It had the feeling of occupied territory. Many of the shops had gone out of business, the mines had slowed down years ago, and the General Strike of 1926 – disastrous for the workers – had delivered the coup de grace to the local economy. The people were shabby and resentful. Groups of ragged men squatted on their haunches, as miners do, and played pitch-and-toss with buttons; they had no halfpennies to venture. A man came strolling down the street, dejectedly whistling ‘The Red Flag’ in slow time as if it were a dirge.

Later, after being caught on the hills in a drenching downpour, Woodcock soddenly came across a slag heap where approximately 50 men and women were industriously picking over the ground.

I caught up with a man walking along the overgrown road from the mine into the village, whose damp slate roofs I could see glistening about half a mile away. He was pushing a rusty old bicycle that had no saddle and no tires, but it served to transport the dirty gunnysack he had tied onto the handle bars. He had been picking coat from the lagheap. ‘No bigger nor walnuts, man,’ he explained. The big coal had been taken years ago, so long ago it was since work had been seen in the village. I asked him how long he had been unemployed. ‘Ach y fi, man, it’s nine years I’ve been wasting and wasted.’ Yet he was friendly, perhaps because I looked such a wretched object that he saw me as an equal in misery.

(Top: View of Rhondda Valley today.)

Need snacks, drinks for your meeting? Why not ask others …

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Teaching appears increasingly to be among those no-win careers. Given the limits placed on educators in terms of maintaining discipline, the disrespect shown instructors by students – and in some cases, parents – and the ever-increasing paperwork involved with being a teacher, it is not a job for the faint of heart.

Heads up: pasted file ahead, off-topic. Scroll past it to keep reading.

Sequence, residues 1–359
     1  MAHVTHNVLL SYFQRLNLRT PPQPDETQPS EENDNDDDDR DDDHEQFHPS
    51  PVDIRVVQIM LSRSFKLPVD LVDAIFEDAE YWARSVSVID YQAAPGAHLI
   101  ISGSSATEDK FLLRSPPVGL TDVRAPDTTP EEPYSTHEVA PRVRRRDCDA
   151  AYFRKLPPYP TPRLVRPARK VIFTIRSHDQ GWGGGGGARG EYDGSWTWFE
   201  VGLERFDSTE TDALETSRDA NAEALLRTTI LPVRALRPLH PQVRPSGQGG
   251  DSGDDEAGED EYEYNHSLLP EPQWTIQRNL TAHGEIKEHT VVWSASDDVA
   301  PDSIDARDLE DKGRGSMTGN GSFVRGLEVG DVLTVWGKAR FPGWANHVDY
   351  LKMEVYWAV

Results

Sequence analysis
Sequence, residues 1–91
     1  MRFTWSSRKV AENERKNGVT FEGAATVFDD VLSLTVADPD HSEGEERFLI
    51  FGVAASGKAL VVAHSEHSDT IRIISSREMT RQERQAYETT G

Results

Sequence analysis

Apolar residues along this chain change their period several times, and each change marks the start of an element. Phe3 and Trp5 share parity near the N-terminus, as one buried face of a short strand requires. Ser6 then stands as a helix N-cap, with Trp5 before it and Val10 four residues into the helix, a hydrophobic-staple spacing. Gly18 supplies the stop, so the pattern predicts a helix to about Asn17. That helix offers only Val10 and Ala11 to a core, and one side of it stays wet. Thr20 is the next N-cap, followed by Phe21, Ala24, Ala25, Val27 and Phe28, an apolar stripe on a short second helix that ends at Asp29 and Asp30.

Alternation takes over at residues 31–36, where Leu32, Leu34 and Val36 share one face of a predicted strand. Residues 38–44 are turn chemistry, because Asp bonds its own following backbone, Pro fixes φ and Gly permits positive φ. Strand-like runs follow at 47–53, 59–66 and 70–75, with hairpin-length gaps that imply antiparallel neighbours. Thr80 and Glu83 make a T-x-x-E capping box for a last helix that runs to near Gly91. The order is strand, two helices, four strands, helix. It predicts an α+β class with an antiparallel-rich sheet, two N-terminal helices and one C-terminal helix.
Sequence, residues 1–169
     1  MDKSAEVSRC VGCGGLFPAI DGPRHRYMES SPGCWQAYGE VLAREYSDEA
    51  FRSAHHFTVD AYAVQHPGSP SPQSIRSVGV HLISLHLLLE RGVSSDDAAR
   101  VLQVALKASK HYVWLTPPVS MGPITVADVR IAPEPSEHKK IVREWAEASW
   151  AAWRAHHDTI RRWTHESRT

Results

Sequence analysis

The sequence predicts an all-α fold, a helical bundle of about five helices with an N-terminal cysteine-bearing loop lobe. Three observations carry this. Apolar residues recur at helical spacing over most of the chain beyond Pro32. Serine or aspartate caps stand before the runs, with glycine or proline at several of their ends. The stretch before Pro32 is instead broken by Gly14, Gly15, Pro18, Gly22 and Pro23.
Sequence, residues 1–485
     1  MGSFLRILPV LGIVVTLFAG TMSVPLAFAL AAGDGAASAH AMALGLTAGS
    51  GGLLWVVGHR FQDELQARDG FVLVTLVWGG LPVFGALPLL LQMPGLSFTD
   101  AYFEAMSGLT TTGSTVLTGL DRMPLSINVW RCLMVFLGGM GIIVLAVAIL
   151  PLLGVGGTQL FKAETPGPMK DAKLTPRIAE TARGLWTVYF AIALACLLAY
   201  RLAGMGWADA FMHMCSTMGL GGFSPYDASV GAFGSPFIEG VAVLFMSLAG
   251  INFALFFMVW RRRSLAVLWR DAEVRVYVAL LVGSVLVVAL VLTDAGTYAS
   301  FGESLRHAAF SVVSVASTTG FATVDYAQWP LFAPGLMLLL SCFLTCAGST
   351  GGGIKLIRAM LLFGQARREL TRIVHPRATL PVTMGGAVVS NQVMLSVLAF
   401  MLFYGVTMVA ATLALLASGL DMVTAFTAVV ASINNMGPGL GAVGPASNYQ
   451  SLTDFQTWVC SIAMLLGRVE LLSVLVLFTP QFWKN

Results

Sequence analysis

That said, teaching is not on par with peacekeeping duty in sub-Saharan Africa, a Sherpa employed as a guide on Mt. Everest or working the fields as a migrant laborer.

Yes, teachers (and coaches) are put in a difficult position by administration and school boards who require them to ask parents for not insignificant fees. In my district, there are charges for students to play sports, participate in clubs, play in the band and even to park a car at school during class hours.

There are course-specific fees, as well, varying from $5 up to $100, with most being in the $20 to $50 range. While these are for the more specialize classes such as welding and culinary arts, they represent additional costs that can add up, particularly for large families.